A copy of the Memorandum Order is attached.

By Order entered by Chief Judge Leonard P. Stark on January 31, 2020, the United States District Court for the District of Delaware added three Delaware attorneys to its Special Masters Panel in complex civil cases. The three Delaware attorneys added are Helena Rychlicki, Chad Stover and Gregory B. Williams (partner at Fox Rothschild LLP and founder and author of Fox Rothschild’s Delaware Intellectual Property Litigation Blog). The three new Special Masters are appointed for four year terms ending on January 31, 2024.

A copy of the Order is attached.

By Memorandum Order entered by The Honorable Leonard P. Stark in Peeble Tide LLC v. Arlo Technologies, Inc., Civil Action No. 19-769-LPS (D.Del. January 31, 2020), the Court granted Defendants’ motions to dismiss in three separate patent infringement cases brought by Plaintiff Peeble Tide LLC after finding that the two patents asserted, U.S. Patent Numbers 10,261,739 and 10,303,411 are invalid under 35 U.S.C. § 101 because they are directed to patent ineligible subject matter under the Alice analysis. The Court also denied different Defendants’ motions to dismiss in five separate patent infringement cases brought by Plaintiff Mimzi, LLC after finding that Defendants could not meet their burden at Step Two of the Alice analysis with respect to the one patent asserted in those actions, U.S. Patent Number 9,128,981. Id. at *4-7.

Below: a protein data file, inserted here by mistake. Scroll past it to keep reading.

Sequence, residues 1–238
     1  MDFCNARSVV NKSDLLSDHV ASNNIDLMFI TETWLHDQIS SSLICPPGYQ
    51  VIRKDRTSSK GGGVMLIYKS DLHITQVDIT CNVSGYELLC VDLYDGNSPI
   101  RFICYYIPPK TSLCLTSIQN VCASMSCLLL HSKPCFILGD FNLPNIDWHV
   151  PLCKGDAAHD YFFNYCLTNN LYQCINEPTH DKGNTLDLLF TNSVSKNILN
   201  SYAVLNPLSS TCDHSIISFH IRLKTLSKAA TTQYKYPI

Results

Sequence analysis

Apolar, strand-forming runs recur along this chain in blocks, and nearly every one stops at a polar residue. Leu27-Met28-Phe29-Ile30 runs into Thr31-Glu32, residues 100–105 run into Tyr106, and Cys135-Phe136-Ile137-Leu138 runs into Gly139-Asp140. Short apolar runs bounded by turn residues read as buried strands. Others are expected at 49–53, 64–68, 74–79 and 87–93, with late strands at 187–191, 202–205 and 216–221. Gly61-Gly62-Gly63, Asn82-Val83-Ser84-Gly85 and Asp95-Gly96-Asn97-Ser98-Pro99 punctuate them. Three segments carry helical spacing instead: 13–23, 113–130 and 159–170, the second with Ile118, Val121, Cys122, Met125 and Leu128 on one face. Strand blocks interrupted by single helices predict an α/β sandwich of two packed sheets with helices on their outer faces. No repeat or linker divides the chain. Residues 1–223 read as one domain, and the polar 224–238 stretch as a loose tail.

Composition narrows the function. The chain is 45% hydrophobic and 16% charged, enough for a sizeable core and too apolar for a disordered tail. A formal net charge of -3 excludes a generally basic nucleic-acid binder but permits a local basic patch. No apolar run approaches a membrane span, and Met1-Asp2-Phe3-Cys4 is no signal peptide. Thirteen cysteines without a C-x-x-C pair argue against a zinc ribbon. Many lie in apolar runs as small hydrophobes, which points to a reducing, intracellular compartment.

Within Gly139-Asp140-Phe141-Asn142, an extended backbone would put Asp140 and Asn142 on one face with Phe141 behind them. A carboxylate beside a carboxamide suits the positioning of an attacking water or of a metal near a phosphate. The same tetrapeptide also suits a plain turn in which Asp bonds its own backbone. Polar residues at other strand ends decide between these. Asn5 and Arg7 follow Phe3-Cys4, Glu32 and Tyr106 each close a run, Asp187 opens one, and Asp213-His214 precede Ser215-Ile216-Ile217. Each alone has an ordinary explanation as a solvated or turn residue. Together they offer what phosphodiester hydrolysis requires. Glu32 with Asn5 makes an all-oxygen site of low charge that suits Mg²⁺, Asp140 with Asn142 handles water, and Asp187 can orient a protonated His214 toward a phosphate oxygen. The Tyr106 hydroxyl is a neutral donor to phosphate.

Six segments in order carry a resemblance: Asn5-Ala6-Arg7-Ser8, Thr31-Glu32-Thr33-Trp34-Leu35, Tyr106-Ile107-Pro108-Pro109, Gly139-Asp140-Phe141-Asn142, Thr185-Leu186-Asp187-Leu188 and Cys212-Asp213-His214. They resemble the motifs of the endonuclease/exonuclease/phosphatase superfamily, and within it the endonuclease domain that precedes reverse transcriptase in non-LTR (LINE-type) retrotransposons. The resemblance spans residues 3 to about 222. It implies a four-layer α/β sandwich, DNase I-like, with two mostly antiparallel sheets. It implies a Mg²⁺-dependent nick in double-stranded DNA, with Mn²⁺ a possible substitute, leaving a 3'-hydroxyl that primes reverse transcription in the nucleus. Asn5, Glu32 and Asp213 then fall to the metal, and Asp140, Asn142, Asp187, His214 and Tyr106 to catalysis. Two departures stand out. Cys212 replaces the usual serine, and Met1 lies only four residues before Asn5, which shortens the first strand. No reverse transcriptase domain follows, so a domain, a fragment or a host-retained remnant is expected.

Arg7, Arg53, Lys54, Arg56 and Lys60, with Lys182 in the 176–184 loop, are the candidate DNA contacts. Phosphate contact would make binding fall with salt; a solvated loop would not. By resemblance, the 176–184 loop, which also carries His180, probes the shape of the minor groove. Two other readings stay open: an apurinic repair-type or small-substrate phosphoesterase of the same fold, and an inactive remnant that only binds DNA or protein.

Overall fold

A copy of the Memorandum Order is attached.

A notable practice point is that the Court noted in its Memorandum Order that it “continues to find its experimental procedure of addressing multiple Section 101 motions from separate cases in one hearing is an efficient use of judicial resources and a beneficial tool for resolving the merits of Section 101 motions.” Id. at *1.